keep company with him. One of our interns, Kendra- this was amazing. She threw out
some verses at us and I love this one…you gave our audience permission to ask
someone to include them…that includes God too. And that can be one of our prayers. I
had never seen this before, its Psalm 25:16 where…I assume its David, is praying, “Turn
to me and be gracious to me, for I am lonely and afflicted.” Man! It takes a lot of grit
even to say, “I’m lonely. I feel afflicted. This is not fun to feel like I don’t have a place to
belong at Thanksgiving or Christmas.” But if we will pray that prayer, that’s written right
in scripture, Jesus is right there with us.
And it takes grit to dial down the expectations for how Thanksgiving and Christmas
should be. I’m thinking of all the Norman Rockwell images that we have kind of
emblazoned in our heads. It takes grit to realize that there’s a lot of different ways that
these holidays can be celebrated. I know families who choose, and I know single
individuals who chose to go volunteer on Thanksgiving day, and they help serve
somebody else’s meal so that they can be part of blessing somebody else rather than
being at home alone feeling sorry for themselves. I think it takes grit to shake off “poor
me syndrome” and I don’t think we can ever shake it out of someone else, I mean I’m
back to thinking about when I was a teenager and I was so miserable. Bless my family’s
heart, they just let me be miserable…they didn’t try to tell me to count my blessings, or
tell me in 10 years that I’d be glad I had gotten rid of the guy, or anything like that. But I
think its something we can look at ourselves in the mirror and say “Do I really want to
stay in this place? Can I take one step towards getting out?” and also to realize that, you
know, on any given day of the holidays we may be feeling two things at the same time.
We can feel lonely and we can choose gratitude at the same time…its not just one, or
the other. But it does take grit to move out of the misery of loneliness and start moving
towards gratitude, and towards generosity towards others. How about the grace piece?
Well it’s so true that we can feel two things at the same time. I think grace needs to be
extended to ourselves as well as to others…that on that day, if you feel lonely along with
feeling thankful, don’t beat yourself up; it just means that you’re human. On the other
hand I think, these are times of the year that bitterness can become very entrenched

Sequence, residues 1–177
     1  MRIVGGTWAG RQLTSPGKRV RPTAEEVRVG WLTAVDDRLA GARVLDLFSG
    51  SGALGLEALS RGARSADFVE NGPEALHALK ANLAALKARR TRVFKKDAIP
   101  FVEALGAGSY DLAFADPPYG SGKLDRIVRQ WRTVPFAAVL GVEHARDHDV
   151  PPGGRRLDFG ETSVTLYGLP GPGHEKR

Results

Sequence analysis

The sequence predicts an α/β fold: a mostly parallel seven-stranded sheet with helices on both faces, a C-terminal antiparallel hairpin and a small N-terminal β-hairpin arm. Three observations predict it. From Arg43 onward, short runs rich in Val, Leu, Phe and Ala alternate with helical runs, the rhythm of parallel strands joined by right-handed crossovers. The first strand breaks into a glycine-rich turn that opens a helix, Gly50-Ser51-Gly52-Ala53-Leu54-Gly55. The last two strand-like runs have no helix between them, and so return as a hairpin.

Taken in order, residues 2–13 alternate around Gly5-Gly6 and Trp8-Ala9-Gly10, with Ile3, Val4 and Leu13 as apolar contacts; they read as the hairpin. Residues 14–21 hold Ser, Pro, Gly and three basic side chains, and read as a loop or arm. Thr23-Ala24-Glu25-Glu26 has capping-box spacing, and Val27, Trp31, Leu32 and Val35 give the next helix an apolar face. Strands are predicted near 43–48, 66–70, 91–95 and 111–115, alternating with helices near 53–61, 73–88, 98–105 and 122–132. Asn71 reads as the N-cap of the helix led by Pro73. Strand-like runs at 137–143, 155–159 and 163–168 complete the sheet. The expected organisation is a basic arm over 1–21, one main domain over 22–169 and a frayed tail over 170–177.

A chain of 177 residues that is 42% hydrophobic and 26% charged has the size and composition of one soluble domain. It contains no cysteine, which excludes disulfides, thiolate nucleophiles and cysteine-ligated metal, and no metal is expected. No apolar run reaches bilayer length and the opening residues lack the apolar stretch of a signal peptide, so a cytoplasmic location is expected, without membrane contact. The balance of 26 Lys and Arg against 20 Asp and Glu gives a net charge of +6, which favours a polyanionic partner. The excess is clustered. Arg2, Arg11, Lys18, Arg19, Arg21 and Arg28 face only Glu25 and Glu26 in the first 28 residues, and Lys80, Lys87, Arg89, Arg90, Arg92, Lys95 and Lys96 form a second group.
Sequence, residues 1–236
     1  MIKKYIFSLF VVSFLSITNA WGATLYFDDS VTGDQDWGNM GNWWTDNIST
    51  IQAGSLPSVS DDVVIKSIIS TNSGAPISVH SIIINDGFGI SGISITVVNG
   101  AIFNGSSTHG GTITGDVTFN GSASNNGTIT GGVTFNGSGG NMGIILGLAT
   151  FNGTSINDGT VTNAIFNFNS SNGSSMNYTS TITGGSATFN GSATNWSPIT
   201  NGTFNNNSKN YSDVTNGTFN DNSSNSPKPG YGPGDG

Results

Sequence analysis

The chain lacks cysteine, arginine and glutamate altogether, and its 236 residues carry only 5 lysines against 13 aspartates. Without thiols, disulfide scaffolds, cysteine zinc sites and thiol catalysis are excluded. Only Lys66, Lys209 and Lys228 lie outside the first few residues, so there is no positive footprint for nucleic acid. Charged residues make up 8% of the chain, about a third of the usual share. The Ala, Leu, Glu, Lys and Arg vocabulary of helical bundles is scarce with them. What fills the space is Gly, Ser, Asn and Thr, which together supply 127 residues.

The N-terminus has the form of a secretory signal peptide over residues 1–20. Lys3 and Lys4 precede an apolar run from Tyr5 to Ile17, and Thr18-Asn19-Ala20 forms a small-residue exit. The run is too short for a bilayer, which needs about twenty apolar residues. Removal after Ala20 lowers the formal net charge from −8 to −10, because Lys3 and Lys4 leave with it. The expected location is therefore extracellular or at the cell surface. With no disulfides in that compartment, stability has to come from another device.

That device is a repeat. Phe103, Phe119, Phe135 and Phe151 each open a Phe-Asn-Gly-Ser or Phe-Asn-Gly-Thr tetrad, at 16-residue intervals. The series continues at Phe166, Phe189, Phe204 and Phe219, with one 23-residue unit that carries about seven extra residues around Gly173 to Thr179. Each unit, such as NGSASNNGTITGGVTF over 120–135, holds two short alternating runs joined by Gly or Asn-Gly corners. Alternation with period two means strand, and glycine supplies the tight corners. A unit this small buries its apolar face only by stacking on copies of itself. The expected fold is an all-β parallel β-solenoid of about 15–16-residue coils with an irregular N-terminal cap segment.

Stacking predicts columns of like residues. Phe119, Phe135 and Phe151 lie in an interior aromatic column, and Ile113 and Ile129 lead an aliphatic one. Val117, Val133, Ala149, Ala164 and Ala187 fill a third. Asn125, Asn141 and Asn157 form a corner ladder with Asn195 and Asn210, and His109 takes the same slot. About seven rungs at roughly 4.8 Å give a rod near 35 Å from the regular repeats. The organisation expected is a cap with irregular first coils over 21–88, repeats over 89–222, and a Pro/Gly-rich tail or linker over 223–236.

towards others. So the grace has to be extended to others, that they are not with you
for whatever reason, so that bitterness doesn’t build up and the relationships start to
Good point. Good point. You have a great truth that we can use to replace the bad rule
that says if you’re alone then your unloved- what was that?
Well the beauty of this time of year is that we are celebrating Jesus who is also called
Emmanuel. So because Jesus is Emmanuel- God with us- we’re never alone. Gosh it
made me tear up to say that! It’s a wonderful truth.
It is…it is.
You’re not alone if you feel alone during the holidays. We hope you’ve gained a slightly
new perspective on how you can respond to these very human emotions.
If you head on over to the web page for today’s episode at GritNGrace.info — that’s Grit
the letter N Grace dot info — you’ll find several free downloadables, including this
week’s “permission slip.”
Print it out and post it as a reminder you that you don’t HAVE to obey the bad rules that
If you’re alone, then you’re unloved. And if you’re surrounded by people, you can’t be
Instead, you can focus on the fact that
Because Jesus is Emmanuel, God with us, we are never alone.
We hope you’ve enjoyed Episode 24 of Grit ‘n’ Grace: Good Girls Breaking Bad Rules.
Join Amy and me for next week’s HOLIDAY BREAK, when we’ll be talking about
managing our own emotions during Christmas season.
For today, grow your grit … embrace God’s grace … and when you run across a bad rule, you know what to do! Go right on ahead and BREAK IT!
- What makes you feel alone during the holidays?
- How do you stay connected with friends and family over the holidays?
- How are you breaking (or planning to break) bad rules this holiday season?